A silence procession for Ret. Gen. Robert Cone, marches through Arlington National Cemetery, Dec. 9, 2016, in Arlington, Va. The caisson platoon and it horses have the honor of carrying a comrade for their last ride to Arlington National Cemetery, where they will rest in peace with other honored dead. (U.S. Army Photo by Staff Sgt. Terrance D. Rhodes)

Caisson Platoon prepares to ‘get back in the saddle’ during 58th Presidential Inauguration

Story by Staff Sgt. Terrance D. Rhodes

This is part 3 of 4 of a news story series

FORT MYER, Va – Famous author Winston Churchill once wrote “No hour of life is wasted that is spent in the saddle”. The same can be said about the Soldiers from the 3d U.S. Infantry Regiment (The Old Guard), Caisson Platoon as they prepare for President elect Donald Trump’s first Presidential Inauguration Jan. 20.

Caisson Soldiers will report to the horse stables as early as 2 a.m. to prepare the horses for the big day. Next, the Soldiers have to complete multiple tasks ranging from grooming each horse, shining the brass and haircuts for each horse. Finally, the horses and their riders are transported to the parade starting point to wait until the inauguration starts.

“We want to show the public that units like ours, are still in existence,” said Staff Sgt. Jonathan English, operations sergeant of the Caisson platoon. “We are the last full-time equestrian unit, so it’s important to represent not only ourselves but the Army as a whole,” continued English.

The Inauguration will give the world a chance see to our elegant horses at work. With 15 full-dress horses and rider it show just how capable the unit can be, added English.

The Caisson Soldiers understand the recognition and adoration comes with marching in the inauguration.

“All of our Soldiers are excited to be serving in the parade,” said Cpt. Austin Hatch, caisson platoon leader. “Whether we are on the side walker detail, helping prepare the horses and tack, or riding in the parade, we are all honored to serve,” added Hatch.

Each horse brings their own personality to the caisson team, but there is one that stands out.

“Waylon is one of Caisson’s most unique horses because of his coloring,” said Hatch “He is a dapple grey color. Waylon used to serve with the black team, but now serves on the white team due to his color change,” continued Hatch.

Units like Caisson platoon are far and few throughout the Army, so it’s important for the soldiers to seize this opportunity.

“I didn’t know this unit existed, until I came here,” said English. “Working with this group of guys is the most humbling and gratifying experience in my entire military career. I wouldn’t won’t to carry out this mission with any other group of Soldiers and horses,” said English

“This has been a mind-blowing experience.”

The Presidential Salute Battery (PSB), 3d U.S. Infantry Regiment (The Old Guard), fire their M5, 75mm antitank cannons to indicate the arrival of Harald Sunde, Chief of Defense, Norway, at Arlington National Cemetery, Va., Aug. 13, 2012. PSB was founded in 1953, they fire cannon salutes in honor of the President of the United States, visiting foreign dignitaries, and official guests of the Unites States. (U.S. Army Photo by Sgt. Jose A. Torres Jr.)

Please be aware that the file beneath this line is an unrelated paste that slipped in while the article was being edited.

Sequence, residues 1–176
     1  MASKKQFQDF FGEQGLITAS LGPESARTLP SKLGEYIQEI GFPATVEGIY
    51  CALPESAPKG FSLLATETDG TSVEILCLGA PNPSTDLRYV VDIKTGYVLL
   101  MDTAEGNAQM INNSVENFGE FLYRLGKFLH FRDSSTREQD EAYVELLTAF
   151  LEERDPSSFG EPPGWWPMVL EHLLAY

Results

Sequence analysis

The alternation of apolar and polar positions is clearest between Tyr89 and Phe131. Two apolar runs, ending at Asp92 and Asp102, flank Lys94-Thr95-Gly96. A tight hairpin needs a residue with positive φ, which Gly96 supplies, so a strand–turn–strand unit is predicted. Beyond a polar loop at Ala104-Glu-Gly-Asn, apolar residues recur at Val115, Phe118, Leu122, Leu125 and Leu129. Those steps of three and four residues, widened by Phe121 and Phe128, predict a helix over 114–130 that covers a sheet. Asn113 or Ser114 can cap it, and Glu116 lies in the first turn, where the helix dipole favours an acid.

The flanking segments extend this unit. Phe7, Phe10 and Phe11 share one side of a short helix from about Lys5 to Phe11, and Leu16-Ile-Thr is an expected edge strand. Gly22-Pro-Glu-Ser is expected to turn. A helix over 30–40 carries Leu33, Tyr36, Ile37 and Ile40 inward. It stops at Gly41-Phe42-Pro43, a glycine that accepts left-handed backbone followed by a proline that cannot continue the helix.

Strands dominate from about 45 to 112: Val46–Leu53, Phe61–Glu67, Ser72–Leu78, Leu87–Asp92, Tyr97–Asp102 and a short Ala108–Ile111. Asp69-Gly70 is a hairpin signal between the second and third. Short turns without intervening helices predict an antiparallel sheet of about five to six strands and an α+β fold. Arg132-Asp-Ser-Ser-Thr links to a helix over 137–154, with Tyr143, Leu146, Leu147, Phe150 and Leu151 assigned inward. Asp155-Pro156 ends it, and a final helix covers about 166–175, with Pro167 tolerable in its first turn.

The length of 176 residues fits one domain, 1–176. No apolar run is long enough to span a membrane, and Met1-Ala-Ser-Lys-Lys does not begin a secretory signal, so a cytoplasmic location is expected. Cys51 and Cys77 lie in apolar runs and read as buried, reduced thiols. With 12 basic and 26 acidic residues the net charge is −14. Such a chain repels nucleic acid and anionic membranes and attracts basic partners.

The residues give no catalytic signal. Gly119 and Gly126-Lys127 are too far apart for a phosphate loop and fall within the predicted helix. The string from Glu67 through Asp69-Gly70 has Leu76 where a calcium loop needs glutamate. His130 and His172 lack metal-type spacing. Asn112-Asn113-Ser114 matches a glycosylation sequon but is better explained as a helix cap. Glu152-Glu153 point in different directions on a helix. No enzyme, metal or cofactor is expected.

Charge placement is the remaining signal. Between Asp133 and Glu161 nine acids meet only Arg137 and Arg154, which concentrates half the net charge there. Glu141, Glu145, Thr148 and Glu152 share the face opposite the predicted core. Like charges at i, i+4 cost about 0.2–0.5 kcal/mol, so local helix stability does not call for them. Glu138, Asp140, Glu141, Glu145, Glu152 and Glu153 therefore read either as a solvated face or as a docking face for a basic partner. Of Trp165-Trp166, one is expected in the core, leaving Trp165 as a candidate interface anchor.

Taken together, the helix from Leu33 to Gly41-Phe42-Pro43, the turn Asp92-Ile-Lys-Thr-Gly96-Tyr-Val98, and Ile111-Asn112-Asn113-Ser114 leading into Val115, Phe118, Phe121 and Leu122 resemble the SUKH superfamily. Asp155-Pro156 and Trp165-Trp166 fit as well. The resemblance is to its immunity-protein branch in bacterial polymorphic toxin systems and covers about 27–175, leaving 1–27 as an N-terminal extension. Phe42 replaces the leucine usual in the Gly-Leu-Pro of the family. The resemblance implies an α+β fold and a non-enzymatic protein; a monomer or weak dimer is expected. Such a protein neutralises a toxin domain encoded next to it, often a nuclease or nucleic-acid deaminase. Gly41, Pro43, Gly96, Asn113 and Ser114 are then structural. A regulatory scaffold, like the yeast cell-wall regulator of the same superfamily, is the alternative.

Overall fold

Presidential Salute Battery prepares to render highest honor for 2017 Inauguration

Story by Staff Sgt. Terrance D. Rhodes

This is part 2 of 4 of a news story series

FORT MYER, Va. – While the nation prepares for the 2017 Inauguration in where President-elect Donald J. Trump will be sworn in as the 45th President of the United States of America. Soldiers from the 3d U.S. Infantry Regiment (The Old Guard), Presidential Salute Battery (PSB), will have their ‘big guns’ standing by to fire.

Founded in 1953, the PSB salutes in honor of visiting foreign dignitaries, official guests of the United States and for the incoming President of the United States.

“Our number one task is to give the president his first 21-round gun salute”, said Sgt. Jordan Goodman, escort officer for the PSB. “It is the highest honor that we can render to the president.”

Beginning in the colonial period, the United States fired one shot for each state in the Union. This continued until 1841 when it was reduced from 26 to 21. Although it had been in use for more than 30 years, the 21-gun salute was not formally adopted until Aug. 18, 1875.

During the Inauguration, there will be a sequence of events leading up to the 21-gun salute.

First, the team has to get in place and set-up, then wait for certain cues that will be given before the rounds are fired.

“It’s important for each member on our team to know their roles,” said Goodman. “We spend hours of training for mission like these,” continued Goodman.

The battery will use four vintage, 75mm, anti-tank cannons from World War II mounted the M6 howitzer carriage, with a five-man staff and a two-man team for each gun. The staff consists of an officer-in-charge, Sgt. Goodman who initiates the firing commands.

Staff Sgt. Eric Wintzell, the noncommissioned officer in charge, will march the battery into position and control the firing of the backup gun.